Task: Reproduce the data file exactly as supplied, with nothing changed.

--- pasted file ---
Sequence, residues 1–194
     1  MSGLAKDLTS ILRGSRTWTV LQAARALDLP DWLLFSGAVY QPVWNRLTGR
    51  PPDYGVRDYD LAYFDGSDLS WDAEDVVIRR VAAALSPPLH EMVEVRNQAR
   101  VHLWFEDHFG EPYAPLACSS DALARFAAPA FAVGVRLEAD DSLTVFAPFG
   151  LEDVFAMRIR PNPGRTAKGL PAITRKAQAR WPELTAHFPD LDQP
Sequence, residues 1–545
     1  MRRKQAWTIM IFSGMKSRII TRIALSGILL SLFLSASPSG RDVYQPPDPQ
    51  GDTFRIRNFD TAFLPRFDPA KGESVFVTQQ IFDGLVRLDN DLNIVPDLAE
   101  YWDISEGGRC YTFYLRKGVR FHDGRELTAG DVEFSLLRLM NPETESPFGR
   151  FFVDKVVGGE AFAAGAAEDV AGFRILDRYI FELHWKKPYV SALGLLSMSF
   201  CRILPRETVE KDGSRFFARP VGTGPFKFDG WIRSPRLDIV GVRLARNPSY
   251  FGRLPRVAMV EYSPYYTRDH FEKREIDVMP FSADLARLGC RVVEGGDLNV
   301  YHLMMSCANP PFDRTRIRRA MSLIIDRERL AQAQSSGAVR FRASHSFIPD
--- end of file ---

Sequence, residues 1–194
     1  MSGLAKDLTS ILRGSRTWTV LQAARALDLP DWLLFSGAVY QPVWNRLTGR
    51  PPDYGVRDYD LAYFDGSDLS WDAEDVVIRR VAAALSPPLH EMVEVRNQAR
   101  VHLWFEDHFG EPYAPLACSS DALARFAAPA FAVGVRLEAD DSLTVFAPFG
   151  LEDVFAMRIR PNPGRTAKGL PAITRKAQAR WPELTAHFPD LDQP
Sequence, residues 1–545
     1  MRRKQAWTIM IFSGMKSRII TRIALSGILL SLFLSASPSG RDVYQPPDPQ
    51  GDTFRIRNFD TAFLPRFDPA KGESVFVTQQ IFDGLVRLDN DLNIVPDLAE
   101  YWDISEGGRC YTFYLRKGVR FHDGRELTAG DVEFSLLRLM NPETESPFGR
   151  FFVDKVVGGE AFAAGAAEDV AGFRILDRYI FELHWKKPYV SALGLLSMSF
   201  CRILPRETVE KDGSRFFARP VGTGPFKFDG WIRSPRLDIV GVRLARNPSY
   251  FGRLPRVAMV EYSPYYTRDH FEKREIDVMP FSADLARLGC RVVEGGDLNV
   301  YHLMMSCANP PFDRTRIRRA MSLIIDRERL AQAQSSGAVR FRASHSFIPD